The Kansas State University Young Democrats arranged Students for Kelly, an event for students to hear from Laura Kelly, the Democratic candidate for state governor on Sunday.
About 40 students and community members attended the event in the Wildcat Chambers to hear from the candidate before the upcoming general election on Nov. 6.
Katrina Lewison, USD 383 school board member, introduced Kelly to the audience. Lewison, who ran as lieutenant governor with Joshua Svaty in the primary elections, said she admires Kelly as a role model.
“She will clean up the mess that the Brownback administration left,” Lewison said.
Kelly started out as a leader in the Kansas Parks and Recreation Association, but soon noticed public services were underfunded in Kansas. Kelly was elected to the Kansas Senate in 2004 and has produced a record of work across the aisle, something she said is nearly unheard of in recent politics.
“As one of the few democrats in the Senate, I had to work with those across the aisle,” Kelly said. “Nothing would have gotten done otherwise.”
In her address, Kelly discussed how important it is for young citizens to vote, noting the points are very close between herself and Kris Kobach, Republican candidate for governor. So far, she is on the “good side,” she said.
“We know what will happen if Kobach becomes governor,” Kelly said. “Lucky for us, he is as honest as the day is long. He has promised to reinstate the Brownback tax laws, in-state anti-immigrant policies and suppress voters. We know what would happen without immigrants, especially in northwest Kansas. We can’t let that happen.”
Kelly said she promises to continue to work with those across the aisle if elected. The main focus of her campaign is reversing the “world of hurt” Kansas has been in for the past eight years while under former Gov. Sam Brownback, she said. This includes improving funding to public education, expanding Medicaid and fixing the Kansas foster care system.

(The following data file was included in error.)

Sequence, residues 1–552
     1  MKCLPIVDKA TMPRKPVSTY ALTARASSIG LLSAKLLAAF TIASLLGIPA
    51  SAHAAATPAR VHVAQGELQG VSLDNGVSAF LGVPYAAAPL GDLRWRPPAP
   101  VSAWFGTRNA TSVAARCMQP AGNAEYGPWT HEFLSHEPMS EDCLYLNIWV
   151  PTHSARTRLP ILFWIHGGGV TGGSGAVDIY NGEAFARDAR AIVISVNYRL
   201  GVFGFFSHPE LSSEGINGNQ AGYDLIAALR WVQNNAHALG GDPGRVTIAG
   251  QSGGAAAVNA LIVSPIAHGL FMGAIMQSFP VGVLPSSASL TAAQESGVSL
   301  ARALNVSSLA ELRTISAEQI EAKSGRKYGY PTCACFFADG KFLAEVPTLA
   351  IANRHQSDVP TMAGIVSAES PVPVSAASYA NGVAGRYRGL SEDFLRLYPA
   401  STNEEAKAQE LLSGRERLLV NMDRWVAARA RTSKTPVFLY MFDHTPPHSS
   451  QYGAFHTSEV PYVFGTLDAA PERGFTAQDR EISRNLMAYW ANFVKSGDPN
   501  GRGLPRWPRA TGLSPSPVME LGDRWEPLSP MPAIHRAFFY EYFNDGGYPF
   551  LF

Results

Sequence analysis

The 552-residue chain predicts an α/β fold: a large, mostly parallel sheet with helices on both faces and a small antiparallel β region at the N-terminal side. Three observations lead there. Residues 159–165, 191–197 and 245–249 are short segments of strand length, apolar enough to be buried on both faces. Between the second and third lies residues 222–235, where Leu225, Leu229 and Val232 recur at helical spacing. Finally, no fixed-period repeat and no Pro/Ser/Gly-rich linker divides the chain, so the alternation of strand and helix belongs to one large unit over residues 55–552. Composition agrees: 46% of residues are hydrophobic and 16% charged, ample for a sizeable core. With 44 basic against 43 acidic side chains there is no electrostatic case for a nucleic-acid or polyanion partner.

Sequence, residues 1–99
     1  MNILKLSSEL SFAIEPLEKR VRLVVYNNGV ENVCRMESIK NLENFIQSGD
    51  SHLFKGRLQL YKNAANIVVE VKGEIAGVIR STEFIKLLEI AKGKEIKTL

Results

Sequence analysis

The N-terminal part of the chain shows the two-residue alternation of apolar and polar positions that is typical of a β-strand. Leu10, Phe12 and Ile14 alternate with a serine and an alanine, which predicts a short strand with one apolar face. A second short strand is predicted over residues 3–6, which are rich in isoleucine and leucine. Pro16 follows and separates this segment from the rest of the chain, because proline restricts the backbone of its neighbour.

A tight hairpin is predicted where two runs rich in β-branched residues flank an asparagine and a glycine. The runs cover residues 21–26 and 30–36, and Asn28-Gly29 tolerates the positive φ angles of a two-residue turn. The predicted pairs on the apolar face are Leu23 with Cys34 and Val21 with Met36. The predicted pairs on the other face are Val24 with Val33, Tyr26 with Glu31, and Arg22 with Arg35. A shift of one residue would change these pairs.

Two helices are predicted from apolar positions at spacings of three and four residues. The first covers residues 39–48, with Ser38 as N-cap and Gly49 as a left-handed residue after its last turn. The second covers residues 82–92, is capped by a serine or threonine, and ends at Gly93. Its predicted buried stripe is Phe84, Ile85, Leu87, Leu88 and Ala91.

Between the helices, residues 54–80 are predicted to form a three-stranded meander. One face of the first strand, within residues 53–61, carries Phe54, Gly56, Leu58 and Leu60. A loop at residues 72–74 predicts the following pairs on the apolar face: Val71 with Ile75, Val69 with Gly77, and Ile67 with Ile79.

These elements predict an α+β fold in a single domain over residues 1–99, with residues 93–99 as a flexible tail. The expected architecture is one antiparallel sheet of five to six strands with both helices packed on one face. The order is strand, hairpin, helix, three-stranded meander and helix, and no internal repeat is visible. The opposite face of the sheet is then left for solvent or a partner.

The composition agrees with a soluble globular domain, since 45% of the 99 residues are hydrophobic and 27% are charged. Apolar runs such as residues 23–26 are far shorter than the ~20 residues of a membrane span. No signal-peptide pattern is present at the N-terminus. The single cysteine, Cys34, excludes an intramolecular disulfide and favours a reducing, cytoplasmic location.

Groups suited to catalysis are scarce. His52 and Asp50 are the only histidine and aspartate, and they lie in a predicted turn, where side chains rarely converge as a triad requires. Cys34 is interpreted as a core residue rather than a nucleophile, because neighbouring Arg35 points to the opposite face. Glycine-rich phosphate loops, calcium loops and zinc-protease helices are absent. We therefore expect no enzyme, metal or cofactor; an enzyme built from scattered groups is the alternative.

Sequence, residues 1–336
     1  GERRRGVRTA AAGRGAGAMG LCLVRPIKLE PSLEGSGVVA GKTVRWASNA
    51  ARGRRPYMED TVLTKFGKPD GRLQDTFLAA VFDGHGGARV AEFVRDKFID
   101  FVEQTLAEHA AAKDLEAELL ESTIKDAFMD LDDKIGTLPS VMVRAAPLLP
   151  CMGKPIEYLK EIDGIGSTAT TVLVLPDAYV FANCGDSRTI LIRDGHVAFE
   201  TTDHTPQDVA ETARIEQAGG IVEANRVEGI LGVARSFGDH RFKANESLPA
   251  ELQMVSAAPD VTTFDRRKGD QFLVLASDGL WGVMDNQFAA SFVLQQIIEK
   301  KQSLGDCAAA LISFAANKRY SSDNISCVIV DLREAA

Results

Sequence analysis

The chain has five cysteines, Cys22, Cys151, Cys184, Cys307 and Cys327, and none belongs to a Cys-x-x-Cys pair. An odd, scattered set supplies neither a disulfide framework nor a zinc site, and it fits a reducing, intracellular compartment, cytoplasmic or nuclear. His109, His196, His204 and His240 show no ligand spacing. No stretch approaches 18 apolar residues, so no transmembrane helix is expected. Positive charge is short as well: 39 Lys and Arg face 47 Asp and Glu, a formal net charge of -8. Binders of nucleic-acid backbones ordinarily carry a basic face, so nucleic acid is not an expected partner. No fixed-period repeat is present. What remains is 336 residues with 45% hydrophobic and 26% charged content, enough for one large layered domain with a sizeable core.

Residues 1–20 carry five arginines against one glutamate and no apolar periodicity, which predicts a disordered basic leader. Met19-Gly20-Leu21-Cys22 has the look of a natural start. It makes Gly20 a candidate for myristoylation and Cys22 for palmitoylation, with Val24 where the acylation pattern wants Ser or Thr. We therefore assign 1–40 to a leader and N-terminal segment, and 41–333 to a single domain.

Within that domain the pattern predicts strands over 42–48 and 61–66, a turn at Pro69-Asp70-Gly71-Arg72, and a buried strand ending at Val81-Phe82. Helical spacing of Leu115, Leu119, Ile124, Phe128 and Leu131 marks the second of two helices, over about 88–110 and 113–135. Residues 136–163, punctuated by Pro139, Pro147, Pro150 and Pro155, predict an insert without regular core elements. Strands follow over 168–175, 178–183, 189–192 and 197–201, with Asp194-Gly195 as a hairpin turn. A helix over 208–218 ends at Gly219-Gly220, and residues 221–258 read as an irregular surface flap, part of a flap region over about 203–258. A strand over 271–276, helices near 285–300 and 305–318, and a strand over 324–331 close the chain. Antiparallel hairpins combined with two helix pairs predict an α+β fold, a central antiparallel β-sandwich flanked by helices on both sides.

When asked about gun legislation, Kelly said she hopes to focus on preventing gun violence with mental health assistance for the public and longer waiting periods involving thorough background checks.
By focusing on educational funding, she said, there is the chance to get students help early in life before mental health issues arise, which could reduce violence.
“I want to bring law enforcement, mental health professionals, educators and students together to find the right solution,” Kelly said. “We will never fix everything, but we can reduce the problems.”
Kelly said she admires the engagement of Kansans across the state and in all age groups. She said she sees the state is on the road to recovery and will continue to improve.
“I will continue to bring folks together to craft good public policy and keep moving forward,” Kelly said.